C. Longer-term strategies

10.20.    Determination of long- term data requirements. Countries within a customs union and the customs union itself need to decide what information on trade transactions between member countries are required (intra-union trade) and how best to fulfil the data requirements for extra-union trade in light of the need to facilitate trade. However, all decisions should be compatible with the international recommendations for merchandise trade statistics and allow countries to compile their trade statistics according to those recommendations.

10.21.    Strategy and challenges regarding intra-union trade. In the European Union, the requirements for intra-union trade statistics mirrored to a certain degree the requirements for extra-union trade which to some extent allows there to be exactly the same statistics on the national level as existed before the customs union was established. There might be several problems with such approach. Customs records do not necessarily provide a benchmark for the information requirements, and non-customs sources can rarely provide the same set of information as customs records; further, and maybe most importantly, to require similar or the same information from non-customs sources as from customs records (i.e., in terms of commodity detail) puts a significant burden on the data compilation system and data providers for intra-union trade statistics. The development of an intra-union trade data compilation system needs to take into account not only the data requirements on the national and customs-union levels, the availability of data sources, the burden on respondents and the compilation system, but also international comparability.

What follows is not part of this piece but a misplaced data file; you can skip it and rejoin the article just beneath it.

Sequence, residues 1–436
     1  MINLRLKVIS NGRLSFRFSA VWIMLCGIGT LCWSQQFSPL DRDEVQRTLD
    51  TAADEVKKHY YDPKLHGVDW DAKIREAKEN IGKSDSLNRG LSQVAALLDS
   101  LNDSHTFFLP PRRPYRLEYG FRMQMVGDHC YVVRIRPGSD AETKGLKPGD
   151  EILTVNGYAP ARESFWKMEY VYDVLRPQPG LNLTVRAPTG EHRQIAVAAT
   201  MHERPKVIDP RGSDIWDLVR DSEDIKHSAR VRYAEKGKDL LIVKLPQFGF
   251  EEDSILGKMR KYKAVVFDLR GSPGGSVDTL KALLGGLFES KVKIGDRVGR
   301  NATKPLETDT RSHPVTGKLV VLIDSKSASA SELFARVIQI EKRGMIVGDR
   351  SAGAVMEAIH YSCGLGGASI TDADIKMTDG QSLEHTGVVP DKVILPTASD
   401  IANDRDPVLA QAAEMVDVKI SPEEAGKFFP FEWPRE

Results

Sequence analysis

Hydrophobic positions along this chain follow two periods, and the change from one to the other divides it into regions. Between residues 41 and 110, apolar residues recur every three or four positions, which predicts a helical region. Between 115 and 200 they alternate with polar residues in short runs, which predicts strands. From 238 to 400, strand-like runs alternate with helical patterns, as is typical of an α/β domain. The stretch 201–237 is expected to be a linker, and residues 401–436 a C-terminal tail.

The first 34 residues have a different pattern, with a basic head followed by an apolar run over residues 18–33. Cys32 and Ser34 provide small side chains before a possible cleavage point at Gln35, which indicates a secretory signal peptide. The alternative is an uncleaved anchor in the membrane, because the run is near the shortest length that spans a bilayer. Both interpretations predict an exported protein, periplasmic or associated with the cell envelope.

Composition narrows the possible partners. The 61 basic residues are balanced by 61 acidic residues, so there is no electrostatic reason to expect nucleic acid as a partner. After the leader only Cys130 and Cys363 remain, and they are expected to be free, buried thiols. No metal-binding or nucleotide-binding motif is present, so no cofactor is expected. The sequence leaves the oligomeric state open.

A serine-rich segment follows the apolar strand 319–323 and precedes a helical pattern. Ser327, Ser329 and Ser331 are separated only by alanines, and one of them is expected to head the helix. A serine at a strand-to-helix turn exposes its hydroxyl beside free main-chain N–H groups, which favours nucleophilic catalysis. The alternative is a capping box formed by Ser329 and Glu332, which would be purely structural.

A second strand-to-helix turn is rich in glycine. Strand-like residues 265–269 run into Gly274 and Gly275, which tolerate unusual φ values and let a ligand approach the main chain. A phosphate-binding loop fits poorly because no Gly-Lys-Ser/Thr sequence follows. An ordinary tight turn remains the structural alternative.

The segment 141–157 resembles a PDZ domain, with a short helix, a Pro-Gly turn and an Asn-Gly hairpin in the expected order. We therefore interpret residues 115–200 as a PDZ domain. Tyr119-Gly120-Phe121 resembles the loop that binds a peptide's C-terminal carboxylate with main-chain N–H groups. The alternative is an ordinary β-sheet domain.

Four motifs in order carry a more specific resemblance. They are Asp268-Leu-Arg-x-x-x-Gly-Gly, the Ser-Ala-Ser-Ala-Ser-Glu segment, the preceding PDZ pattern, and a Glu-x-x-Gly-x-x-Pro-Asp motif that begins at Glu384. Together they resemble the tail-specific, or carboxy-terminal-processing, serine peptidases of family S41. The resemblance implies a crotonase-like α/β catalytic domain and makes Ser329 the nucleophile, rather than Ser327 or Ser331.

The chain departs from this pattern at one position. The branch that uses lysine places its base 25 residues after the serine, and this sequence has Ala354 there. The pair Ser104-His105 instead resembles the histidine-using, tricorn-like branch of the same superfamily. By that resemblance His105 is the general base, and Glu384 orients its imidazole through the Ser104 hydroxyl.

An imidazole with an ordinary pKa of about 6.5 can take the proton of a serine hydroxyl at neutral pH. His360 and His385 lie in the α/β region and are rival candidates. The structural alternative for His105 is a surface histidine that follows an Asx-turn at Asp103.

10.22.    Strategy and challenges regarding the compilation of extra-union trade statistics in the case of customs modernization. Enterprises within a customs union might have facilities for production and distribution of their goods in several countries of the customs union. In order to facilitate their trade the European Union agreed to allow a centralized customs clearance. This means that the declaration of goods can take place in only one country, while the actual physical clearance can take place in any county of the customs union. Countries and statistical offices would need to rely on an exchange of customs declarations or information in order to obtain complete information regarding their trade with countries outside the custom union, unless additional information systems or sources were used (see paras. 10.25 and 10.26 below).